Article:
What is the author saying about boredom? Do you agree with his view? To support your opinion, be sure to include specific examples drawn from your own experience, your observations of others, or any of your readings.
Here are some NY Times posts for ELLs where I’ve discussed writing compare/contrast essays:
Students separate run-on sentences in this interactive about International Dance Day, and use it as a model for creating their own. In addition, they can view a variety of dance videos and write a compare/contrast essay.
A fun writing lesson for English Language Learners is showing videos or images of animals and asking them to write down what they think they believe the animal might be thinking. I’ve written a number of posts related to these kinds of lessons and variations on it (having paintings or parts of the earth talk) and thought I’d bring them, and additional resources, all together in one “Best” list (feel free to contribute your own ideas!):
Nature Is Speaking is an amazing series of videos where celebrities give voice to parts of nature that are being threatened, including the ocean, coral reefs, etc. The could be good models for a more serious use of this instructional strategy.
There is a YouTube channel by Chris Cohen that he calls Animal Translations, where he puts his voice to animal thoughts. The accent is a bit thick, so it might be difficult for ELLs to hear everything, but they’d certainly get the idea. Then, students could create their own internal dialogue they could perform while the video was shown on a screen without sound.
I’m using the term “information literacy” here to describe assisting our students developing critical thinking skills to evaluate both web and content in other media forms. I’ve seen the term used to describe broader skills, too. Let me know if you think I’m off-based with my definition.
So, using that definition, here is a beginning Best list, and I hope readers will contribute more:
As regular readers know, I’m a big fan of students writing about “What if?” scenarios in our history classes, as well as in IB Theory of Knowledge courses. I’ve also used it in English when have students write alternative endings of stories. You can read more about this strategy at The Best Resources For Teaching “What If?” History Lessons.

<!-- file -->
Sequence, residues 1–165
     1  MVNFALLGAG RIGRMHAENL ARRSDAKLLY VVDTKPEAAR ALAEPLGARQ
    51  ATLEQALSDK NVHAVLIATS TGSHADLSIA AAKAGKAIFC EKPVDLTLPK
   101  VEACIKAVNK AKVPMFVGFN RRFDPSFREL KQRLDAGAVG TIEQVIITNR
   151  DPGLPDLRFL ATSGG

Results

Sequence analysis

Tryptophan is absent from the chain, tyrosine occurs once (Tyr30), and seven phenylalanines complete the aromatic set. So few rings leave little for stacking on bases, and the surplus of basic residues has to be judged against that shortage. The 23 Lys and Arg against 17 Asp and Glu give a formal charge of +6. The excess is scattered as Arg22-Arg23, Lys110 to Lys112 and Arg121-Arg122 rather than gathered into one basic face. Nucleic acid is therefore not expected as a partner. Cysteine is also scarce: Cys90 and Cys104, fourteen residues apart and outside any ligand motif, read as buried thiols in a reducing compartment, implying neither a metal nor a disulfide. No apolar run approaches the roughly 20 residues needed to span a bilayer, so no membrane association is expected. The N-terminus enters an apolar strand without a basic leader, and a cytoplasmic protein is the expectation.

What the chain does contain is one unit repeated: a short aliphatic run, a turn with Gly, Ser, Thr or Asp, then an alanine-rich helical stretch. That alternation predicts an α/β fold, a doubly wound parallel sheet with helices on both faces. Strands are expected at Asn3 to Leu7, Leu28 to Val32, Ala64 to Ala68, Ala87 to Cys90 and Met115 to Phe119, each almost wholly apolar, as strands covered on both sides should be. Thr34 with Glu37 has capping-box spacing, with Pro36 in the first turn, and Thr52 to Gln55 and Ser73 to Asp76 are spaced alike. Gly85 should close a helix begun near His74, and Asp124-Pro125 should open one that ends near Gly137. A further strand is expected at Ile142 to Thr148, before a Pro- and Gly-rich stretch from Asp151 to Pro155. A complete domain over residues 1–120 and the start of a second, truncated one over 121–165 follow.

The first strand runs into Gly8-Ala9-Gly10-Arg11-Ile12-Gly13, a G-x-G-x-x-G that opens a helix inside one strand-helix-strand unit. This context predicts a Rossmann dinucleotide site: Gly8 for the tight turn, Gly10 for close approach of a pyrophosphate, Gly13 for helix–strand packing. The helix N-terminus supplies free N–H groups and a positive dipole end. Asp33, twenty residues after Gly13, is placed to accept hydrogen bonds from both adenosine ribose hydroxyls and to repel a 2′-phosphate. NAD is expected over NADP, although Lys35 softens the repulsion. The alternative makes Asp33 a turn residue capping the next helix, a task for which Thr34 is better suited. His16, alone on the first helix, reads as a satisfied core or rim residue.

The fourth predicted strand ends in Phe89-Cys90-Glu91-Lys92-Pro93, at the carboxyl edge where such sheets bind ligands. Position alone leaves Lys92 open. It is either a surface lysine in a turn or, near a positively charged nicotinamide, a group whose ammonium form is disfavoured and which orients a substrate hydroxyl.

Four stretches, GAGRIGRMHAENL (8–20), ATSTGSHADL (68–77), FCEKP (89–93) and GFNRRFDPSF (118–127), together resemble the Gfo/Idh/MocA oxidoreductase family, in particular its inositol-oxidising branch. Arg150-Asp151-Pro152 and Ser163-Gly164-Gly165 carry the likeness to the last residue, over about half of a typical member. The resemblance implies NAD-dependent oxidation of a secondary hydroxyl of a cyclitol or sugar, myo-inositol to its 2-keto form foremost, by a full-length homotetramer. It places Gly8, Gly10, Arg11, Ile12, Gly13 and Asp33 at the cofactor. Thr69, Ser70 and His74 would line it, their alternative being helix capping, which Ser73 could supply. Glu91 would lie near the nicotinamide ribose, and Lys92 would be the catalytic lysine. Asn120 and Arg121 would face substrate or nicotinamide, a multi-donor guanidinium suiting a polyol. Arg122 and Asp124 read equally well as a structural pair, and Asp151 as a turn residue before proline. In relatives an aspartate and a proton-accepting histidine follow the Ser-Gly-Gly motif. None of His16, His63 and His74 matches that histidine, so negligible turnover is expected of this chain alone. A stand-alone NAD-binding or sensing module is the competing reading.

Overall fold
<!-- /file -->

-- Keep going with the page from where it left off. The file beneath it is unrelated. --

Today, Scientific American published a nice piece summarizing research on the benefits of “What if?” thinking and also highlighting as aspect that I’ve never really considered in the context of teaching — the idea of personal “What if?” moments and stories.
I think that could be a fun writing activity in class.
As part of the article, the magazine is invited readers to submit their own personal “What if?” moments:
Share a couple sentences about a moment from your past that you often revisit and think, “What if…?”
Zoom In! is a new(er) free site that provides some very good U.S. History lessons that use historical documents and are standards-based. Along with in-class instruction, students use the online resources to do close-reading and scaffolded written responses.
Teachers create online virtual classrooms where they can monitor student progress.
Two of their features standout to me:
First, they clearly have been very intentional about choosing primary source documents that are likely to be more accessible to students and then have made them even more accessible with their lay-out and easy ability to look-up word definitions. I haven’t really seen any other site that has been able to do this anywhere near as well as Zoom In!
Secondly, I really like the way they scaffold the writing of written responses/essays. Again, more sites could learn from them.